Three faculty members transfer to emeritus status
Three faculty members were transferred to emeritus status in recent action by the Board of Trustees.
They are: David P. Billington, the Gordon Y.S. Wu Professor of Engineering and professor of civil and environmental engineering, effective Feb. 1, 2010; Charles Dismukes, professor of chemistry, effective Aug. 1, 2009; and James Wei, professor of chemical engineering, effective Feb. 1, 2010.
Billington joined the Princeton faculty in 1960. His courses combining the study of engineering with an exploration of aesthetic and social values -- including "Structures and the Urban Environment" and "Engineering in the Modern World" -- have been some of the most popular among engineering and non-engineering students for decades.
Billington earned his BSE from Princeton in 1950 and then spent the following two years in Belgium on a Fulbright Fellowship, studying postwar engineering innovations. Upon returning to the United States, he worked as a structural designer of bridges and buildings for Roberts & Schaefer Co. in New York from 1952 to 1960. His research at Princeton has focused on the engineering of large structures, including the design and rehabilitation of bridges, thin shell concrete structures, tall buildings and concrete dams, often with an emphasis on the intersection of efficiency and beauty in structural design and the transformative influence engineers have had on American society. He served as director of Princeton's Program on Architecture and Engineering from 1990 to 2008 and was named the first Gordon Y.S. Wu Professor of Engineering in 1996.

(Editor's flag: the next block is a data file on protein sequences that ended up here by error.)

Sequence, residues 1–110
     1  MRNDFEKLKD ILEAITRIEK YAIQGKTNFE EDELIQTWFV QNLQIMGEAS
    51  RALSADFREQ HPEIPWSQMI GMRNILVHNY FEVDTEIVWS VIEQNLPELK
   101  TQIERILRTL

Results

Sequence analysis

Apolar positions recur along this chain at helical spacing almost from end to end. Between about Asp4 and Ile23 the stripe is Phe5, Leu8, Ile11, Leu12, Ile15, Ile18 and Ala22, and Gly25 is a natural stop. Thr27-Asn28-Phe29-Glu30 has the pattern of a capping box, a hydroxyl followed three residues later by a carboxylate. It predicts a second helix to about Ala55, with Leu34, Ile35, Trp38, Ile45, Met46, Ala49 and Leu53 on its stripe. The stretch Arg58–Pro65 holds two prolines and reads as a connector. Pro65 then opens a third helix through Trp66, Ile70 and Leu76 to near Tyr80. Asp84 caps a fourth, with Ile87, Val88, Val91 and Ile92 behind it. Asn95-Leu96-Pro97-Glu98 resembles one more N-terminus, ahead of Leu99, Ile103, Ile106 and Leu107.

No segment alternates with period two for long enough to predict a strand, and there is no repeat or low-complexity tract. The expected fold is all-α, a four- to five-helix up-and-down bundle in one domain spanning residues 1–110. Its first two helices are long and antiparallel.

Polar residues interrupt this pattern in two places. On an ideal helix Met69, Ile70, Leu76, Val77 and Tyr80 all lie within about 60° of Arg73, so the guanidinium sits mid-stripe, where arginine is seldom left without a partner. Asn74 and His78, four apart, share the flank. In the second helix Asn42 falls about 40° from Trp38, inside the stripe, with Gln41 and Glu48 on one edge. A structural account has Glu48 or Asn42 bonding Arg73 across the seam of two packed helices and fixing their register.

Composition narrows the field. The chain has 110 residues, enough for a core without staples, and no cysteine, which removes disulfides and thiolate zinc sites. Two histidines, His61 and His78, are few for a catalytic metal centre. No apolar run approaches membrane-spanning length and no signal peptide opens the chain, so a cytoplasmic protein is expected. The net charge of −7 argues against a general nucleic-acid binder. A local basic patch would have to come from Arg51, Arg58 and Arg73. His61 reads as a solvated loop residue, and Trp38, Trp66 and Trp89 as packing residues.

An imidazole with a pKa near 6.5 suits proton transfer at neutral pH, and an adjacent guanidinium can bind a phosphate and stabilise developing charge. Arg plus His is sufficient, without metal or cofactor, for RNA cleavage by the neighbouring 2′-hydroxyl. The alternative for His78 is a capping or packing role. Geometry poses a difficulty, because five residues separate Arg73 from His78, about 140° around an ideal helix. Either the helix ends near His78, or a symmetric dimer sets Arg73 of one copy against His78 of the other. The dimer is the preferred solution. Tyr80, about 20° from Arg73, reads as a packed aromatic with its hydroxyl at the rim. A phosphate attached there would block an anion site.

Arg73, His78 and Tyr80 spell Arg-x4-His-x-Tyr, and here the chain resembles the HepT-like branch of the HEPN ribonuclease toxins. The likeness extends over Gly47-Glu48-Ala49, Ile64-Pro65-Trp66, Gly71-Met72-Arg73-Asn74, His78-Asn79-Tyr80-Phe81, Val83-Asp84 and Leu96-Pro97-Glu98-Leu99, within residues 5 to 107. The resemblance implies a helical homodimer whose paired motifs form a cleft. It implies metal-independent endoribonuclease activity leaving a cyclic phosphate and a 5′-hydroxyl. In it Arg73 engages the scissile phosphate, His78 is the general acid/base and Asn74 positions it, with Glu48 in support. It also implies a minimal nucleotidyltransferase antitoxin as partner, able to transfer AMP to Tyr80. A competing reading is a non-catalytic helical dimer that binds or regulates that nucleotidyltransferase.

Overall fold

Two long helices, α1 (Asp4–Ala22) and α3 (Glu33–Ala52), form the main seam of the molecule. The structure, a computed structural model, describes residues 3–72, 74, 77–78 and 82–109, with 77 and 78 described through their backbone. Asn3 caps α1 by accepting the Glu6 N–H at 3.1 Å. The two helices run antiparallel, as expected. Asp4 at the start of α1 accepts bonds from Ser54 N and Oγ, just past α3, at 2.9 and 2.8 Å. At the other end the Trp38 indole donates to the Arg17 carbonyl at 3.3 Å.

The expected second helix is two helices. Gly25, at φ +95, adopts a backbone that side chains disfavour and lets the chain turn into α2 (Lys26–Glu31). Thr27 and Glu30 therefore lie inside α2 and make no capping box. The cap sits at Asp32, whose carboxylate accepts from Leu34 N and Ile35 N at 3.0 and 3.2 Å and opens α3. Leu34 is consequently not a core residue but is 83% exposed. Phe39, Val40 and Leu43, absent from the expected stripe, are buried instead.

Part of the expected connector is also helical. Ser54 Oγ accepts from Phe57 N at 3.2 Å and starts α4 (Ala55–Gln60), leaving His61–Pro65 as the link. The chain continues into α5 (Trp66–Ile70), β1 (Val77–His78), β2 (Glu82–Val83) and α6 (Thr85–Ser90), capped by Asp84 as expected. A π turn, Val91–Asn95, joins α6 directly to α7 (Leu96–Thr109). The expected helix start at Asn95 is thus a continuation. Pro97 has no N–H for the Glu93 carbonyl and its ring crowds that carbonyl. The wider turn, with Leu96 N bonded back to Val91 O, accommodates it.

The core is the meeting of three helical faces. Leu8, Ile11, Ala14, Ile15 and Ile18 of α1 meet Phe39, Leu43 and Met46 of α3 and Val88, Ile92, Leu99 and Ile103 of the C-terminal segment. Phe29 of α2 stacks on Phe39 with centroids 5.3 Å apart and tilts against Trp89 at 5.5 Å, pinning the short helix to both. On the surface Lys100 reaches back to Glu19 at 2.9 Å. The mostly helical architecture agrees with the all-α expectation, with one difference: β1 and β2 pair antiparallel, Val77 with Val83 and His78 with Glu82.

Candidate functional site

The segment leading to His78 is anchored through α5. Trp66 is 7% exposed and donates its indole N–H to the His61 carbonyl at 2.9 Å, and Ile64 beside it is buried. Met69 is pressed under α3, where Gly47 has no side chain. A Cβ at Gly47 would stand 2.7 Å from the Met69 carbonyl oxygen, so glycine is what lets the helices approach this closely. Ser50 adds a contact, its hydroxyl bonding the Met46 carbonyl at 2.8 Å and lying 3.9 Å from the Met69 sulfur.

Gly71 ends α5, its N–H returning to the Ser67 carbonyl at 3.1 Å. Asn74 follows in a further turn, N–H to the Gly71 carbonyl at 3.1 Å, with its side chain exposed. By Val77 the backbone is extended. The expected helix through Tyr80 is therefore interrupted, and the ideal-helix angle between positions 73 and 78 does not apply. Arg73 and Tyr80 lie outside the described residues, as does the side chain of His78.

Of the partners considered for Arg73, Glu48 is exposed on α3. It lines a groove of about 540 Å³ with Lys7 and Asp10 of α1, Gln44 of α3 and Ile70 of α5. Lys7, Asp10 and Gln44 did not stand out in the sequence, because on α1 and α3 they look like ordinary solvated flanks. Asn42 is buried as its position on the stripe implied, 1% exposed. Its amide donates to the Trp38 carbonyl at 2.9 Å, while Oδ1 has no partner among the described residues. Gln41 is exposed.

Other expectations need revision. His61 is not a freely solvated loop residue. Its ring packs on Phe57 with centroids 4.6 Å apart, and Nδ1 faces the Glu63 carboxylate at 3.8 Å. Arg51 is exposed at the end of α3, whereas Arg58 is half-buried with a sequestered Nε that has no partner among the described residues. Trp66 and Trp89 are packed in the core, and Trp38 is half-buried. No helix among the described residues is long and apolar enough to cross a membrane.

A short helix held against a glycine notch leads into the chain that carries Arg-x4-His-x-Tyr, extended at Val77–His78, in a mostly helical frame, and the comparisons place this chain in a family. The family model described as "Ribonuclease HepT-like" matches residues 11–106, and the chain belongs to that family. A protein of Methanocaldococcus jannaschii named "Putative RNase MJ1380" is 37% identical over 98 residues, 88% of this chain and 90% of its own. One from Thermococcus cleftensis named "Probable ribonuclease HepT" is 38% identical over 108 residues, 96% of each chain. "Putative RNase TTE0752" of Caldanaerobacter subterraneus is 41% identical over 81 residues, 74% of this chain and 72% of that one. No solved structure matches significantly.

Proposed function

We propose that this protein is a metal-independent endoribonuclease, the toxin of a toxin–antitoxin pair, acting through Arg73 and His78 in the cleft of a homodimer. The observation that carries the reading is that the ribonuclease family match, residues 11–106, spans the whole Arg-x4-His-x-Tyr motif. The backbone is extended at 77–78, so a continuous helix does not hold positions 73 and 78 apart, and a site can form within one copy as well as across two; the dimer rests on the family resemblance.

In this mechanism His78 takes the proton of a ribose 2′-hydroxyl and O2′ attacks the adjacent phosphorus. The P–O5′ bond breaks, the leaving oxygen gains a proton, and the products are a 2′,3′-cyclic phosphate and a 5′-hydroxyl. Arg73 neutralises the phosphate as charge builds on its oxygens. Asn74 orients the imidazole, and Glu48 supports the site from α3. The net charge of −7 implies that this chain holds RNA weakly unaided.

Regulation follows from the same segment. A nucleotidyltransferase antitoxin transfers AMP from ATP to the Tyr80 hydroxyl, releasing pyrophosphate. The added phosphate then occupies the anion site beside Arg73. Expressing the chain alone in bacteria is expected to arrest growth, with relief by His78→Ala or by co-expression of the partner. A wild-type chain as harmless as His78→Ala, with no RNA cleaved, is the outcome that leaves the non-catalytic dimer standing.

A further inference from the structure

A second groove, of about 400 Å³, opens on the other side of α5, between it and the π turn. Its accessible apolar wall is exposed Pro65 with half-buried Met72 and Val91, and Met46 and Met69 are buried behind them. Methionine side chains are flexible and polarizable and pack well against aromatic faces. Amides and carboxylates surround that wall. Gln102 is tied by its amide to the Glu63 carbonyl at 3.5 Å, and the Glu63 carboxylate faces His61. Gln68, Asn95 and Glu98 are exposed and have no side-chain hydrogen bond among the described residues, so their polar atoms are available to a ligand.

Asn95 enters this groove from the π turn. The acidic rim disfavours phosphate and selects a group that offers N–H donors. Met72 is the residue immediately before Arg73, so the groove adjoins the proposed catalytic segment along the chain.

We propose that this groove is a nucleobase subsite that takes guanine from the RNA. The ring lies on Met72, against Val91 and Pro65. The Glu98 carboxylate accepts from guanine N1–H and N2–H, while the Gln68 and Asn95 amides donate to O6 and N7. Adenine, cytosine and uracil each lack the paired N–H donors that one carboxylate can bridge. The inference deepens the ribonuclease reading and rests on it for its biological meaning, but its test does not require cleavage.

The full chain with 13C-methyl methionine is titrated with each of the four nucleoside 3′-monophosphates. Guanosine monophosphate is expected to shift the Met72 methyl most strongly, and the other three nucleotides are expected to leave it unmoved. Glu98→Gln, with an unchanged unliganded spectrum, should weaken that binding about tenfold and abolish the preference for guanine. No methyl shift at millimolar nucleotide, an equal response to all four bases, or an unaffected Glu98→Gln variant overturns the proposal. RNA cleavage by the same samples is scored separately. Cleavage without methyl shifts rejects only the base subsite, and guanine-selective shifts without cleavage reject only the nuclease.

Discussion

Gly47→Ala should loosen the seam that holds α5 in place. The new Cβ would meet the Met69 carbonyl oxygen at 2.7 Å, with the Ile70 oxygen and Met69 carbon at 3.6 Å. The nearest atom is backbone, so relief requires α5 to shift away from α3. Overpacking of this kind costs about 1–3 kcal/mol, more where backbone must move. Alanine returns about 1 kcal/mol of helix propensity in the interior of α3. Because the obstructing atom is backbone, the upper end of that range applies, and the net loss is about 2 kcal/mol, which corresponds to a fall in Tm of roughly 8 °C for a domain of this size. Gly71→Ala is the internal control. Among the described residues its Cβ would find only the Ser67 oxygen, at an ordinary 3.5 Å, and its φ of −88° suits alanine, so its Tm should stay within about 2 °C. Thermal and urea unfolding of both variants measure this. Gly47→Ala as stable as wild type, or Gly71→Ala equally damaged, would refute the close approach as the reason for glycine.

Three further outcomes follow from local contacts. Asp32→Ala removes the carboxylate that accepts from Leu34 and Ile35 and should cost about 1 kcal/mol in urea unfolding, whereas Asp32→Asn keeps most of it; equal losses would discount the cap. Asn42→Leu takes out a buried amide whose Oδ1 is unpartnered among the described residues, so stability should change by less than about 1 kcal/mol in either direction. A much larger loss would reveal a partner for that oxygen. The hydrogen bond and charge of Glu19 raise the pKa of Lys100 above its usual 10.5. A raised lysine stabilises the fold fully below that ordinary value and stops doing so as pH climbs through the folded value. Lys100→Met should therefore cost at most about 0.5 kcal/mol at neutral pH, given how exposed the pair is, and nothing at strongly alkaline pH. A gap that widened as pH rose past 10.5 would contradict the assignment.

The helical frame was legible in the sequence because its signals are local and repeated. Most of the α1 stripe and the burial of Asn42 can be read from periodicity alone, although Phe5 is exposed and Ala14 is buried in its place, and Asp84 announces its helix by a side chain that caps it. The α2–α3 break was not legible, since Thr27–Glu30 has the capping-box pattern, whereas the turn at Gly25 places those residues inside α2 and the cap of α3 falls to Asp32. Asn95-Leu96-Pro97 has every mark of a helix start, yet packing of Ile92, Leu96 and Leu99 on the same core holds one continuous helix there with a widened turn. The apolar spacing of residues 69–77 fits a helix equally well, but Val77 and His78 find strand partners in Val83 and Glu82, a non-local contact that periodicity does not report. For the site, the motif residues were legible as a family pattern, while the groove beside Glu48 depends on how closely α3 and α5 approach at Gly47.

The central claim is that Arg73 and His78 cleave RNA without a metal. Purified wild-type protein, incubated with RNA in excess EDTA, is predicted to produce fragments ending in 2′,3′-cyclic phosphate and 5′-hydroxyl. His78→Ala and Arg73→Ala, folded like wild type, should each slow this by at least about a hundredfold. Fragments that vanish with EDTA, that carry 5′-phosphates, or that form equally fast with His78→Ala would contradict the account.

Billington has earned numerous honors for his scholarship and teaching, including three Engineering Council awards, the President's Distinguished Teaching Award and the National Science Foundation Director's Award for Distinguished Teaching Scholars. He was elected to the National Academy of Engineering in 1986 and is a fellow of the American Academy of Arts and Sciences. His books include "The Art of Structural Design: A Swiss Legacy"; "Power, Speed and Form: Engineers and the Making of the 20th Century," with his son, David P. Billington Jr.; "Big Dams of the New Deal Era: A Confluence of Engineering and Politics," with Donald C. Jackson; and "Félix Candela: Engineer, Builder, Structural Artist," with Maria Garlock, a colleague in civil and environmental engineering.